The Unknown Unknowns of Building a SaaS Application
Some vital parts of a sustainable software business easily get overlooked.
Building a Software-as-a-service(SaaS) is much more complicated than it looks on the surface. Creating a piece of software that you charge other people money for means that you have added an order of magnitude more complex than an application used for internal purposes.
SaaS products are like an iceberg.
The Application Lives Above The Surface
You see the core functionality and value at the top. The business value. The fun stuff. What people see and think, “This is it. Easy peasy.” When the truth is, the application is only what’s visible above the surface.
Service Code Lives On The Surface
Service code is the functionality that turns “software” into “software as a service: Authentication so people can log in, and billing so they can pay you monthly for the privilege. The happy path of these lives above the surface. What people tend to forget is all other administration parts of the features when customers run into problems:
- How can users reset their passwords?
- How do they update their email address?
- Do you need to consider Two-factor authentication? some company have security policies which require that applications they use to have two-factor authentication, so this is something to heavily consider if you sell B2B software to companies of any scale
- What happens when someone upgrades or downgrades their plan?
- What if someone wants to cancel?
- How do you handle refunds? No matter what you do, managing customers who want their money back is inevitable.
Under The Sea
Now we get to the boring but essential parts of running a SaaS. These services don’t tend to provide a lot of visual business value. But if they didn’t exist, a problem could cause your business to collapse. If you were running the kitchen on the Titanic, these would be the cleaning supplies and fire extinguishers in the supply closet.
Transactional emails – Transaction emails are emails that your application sends throughout the user’s lifecycle and use of the application. Examples include weekly summaries and confirmation emails. These are different and typically use a separate piece of software that marketing emails, such as newsletters—an often overlooked part of an application that can bring a lot of value. Emails are part of the user experience. You should be mindful of what emails, when you send them, and their voice and tone.
Monitoring -monitoring tools keep an eye on all the different parts of the system and collects analytics useful for understanding how everything works under the hood. Monitoring is useful for debugging issues and identifying opportunities for optimization.
Error Logging – If one of your servers when down, how long would it be until you found out? You’ll need a way to know when errors happen and how frequently they occur. Error logging keeps track of errors and can notify you of severe issues immediately.
A Staging Environment. Applications live in different environments. The live version of your application is the production environment or “production” for short. Copies of the code that live on the developer’s laptops are development environments. In between, you have something called “staging.” It’s an environment that mimics production as closely as possible with a different database. Use it to test features, research issues you found due to your error logging, and to demo upcoming features to customers before they go live.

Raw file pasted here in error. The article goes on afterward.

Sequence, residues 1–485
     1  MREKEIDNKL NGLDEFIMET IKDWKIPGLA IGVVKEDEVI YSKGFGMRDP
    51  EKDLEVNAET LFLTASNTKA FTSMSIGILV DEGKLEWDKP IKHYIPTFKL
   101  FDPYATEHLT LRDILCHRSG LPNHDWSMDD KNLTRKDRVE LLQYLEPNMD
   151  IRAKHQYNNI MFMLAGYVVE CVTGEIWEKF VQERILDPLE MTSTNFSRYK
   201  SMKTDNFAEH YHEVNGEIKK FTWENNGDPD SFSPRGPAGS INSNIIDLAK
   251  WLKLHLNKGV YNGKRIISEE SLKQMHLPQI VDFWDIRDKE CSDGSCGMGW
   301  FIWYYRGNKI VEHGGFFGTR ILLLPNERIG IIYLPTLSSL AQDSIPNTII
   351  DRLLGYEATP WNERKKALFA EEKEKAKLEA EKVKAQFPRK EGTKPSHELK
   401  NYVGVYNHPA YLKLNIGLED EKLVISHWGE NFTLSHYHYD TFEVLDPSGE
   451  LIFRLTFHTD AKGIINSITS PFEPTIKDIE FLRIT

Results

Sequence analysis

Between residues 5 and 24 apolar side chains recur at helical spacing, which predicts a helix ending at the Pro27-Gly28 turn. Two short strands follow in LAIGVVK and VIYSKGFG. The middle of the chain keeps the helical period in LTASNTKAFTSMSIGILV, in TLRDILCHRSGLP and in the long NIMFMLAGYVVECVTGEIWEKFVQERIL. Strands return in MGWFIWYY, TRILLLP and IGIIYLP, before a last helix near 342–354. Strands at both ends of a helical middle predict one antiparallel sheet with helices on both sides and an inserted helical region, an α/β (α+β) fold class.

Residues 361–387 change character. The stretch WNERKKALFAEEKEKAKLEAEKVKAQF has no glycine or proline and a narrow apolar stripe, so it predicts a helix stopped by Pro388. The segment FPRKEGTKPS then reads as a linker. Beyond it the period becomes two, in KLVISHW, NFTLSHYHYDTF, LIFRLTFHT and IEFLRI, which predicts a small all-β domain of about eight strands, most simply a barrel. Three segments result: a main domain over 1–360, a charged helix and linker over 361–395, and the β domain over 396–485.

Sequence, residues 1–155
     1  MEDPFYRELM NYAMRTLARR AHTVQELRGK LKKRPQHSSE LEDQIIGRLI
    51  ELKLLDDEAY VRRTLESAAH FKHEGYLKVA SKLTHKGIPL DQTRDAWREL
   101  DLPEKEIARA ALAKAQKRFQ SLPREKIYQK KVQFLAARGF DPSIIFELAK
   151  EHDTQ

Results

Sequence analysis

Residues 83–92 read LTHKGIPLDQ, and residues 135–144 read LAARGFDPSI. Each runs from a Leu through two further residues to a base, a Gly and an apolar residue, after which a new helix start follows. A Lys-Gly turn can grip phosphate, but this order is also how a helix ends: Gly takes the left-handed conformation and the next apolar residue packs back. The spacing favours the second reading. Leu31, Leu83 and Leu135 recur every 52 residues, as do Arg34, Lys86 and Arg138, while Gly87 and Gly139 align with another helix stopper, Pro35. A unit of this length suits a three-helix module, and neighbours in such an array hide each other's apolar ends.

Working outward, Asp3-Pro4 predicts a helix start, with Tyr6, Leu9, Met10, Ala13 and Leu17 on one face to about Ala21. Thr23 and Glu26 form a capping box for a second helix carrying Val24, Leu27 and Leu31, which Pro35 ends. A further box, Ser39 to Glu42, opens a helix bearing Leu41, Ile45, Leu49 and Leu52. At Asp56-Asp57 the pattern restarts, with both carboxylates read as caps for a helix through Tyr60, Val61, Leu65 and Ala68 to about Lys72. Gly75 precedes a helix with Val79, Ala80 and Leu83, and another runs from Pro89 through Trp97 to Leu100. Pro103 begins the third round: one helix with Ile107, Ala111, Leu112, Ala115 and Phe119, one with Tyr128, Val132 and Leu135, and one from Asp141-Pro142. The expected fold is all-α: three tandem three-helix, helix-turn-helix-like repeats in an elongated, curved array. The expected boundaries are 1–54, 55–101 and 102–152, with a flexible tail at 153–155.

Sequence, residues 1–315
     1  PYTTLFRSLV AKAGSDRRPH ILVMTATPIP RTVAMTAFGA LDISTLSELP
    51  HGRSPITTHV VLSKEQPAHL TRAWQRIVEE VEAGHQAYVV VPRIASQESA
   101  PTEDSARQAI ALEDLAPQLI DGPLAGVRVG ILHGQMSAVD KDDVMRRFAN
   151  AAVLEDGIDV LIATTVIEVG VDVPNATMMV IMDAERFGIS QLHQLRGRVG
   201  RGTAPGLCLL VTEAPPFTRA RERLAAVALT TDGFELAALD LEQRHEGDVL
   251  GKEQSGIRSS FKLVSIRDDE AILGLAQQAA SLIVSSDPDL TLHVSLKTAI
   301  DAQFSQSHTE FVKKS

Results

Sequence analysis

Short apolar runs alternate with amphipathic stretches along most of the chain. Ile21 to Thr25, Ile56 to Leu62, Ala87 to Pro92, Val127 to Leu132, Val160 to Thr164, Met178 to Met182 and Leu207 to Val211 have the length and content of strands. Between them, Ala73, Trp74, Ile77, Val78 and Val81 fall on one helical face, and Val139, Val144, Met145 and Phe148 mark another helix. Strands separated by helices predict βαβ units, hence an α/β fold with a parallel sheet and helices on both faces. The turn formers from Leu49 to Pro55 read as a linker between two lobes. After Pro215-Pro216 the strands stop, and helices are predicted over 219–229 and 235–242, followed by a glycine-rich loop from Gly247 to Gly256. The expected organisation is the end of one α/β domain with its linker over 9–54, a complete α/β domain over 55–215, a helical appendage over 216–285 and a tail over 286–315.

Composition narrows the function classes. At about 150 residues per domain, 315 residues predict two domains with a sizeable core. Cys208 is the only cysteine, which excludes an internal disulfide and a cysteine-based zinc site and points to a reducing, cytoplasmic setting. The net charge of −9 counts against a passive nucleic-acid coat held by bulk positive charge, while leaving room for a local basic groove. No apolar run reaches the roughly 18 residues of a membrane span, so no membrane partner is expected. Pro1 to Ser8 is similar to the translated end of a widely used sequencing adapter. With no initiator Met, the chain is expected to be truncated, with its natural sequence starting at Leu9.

Backups – You need a way to safely store and recover data if something goes wrong or you make a corrupting change to your database that needs undoing. When it comes to paying customers, two is one, and one is none.
Hosting – You’ll have to decide where and how to host your application. There are several options, but hosting is a more irreversible decision. Think long and hard about your hosting needs now and what they could be 1-2 years from now. A common choice is Amazon Web Services (AWS).
Analytics – You’ll want to keep track of how many users are using your application, as well as how they are using it.
Reporting – Analytics answers questions about using your application in a broad sense, while reporting is for drilling down. Think of analytics as the results of a poll, while reporting as the answers a subset of people gave in a survey. You’ll want to use data generating by your application to make data-driven decisions, and you can’t do that without reporting.
God mode – god mode is something that you don’t know you need until you need it. As the owner of an application, do you want to ask a developer to make a change for you every single time you need one? Here’s an example: a user mistyped their email and wants you to fix it. You didn’t build this into your MVP, but you could do it manually. A developer could manually access the database and make the change, but what if you had a simple interface where you could? Tools like active admin for rails are one example of tooling explicitly designed for admin panels.
Fortunately, Ice isn’t that expensive.
The one good thing about these under the surface problems is that everyone has them. These problems aren’t new, so there are several off-the-shelf solutions available.
- Authentication – auth0 and AWS Cognito
- Billing – Stripe Checkout
- Transactional Emails – SendGrid
- Monitoring – AWS Cloudwatch
- Error Logging – Rollbar
- Analytics – Google Analytics and Hotjar
Building Your Iceberg
These service-level problems can either be solved by custom code in your application or by integrating with 3rd party services. Doing so reduces initial development costs but adds to monthly billing, dependency on a 3rd party for core functionality, and complexity to the system’s architecture.
Part of building a SaaS is deciding when to make the build vs. buy tradeoff when creating something valuable for your customers. Factors to consider when deciding when to build vs. buy.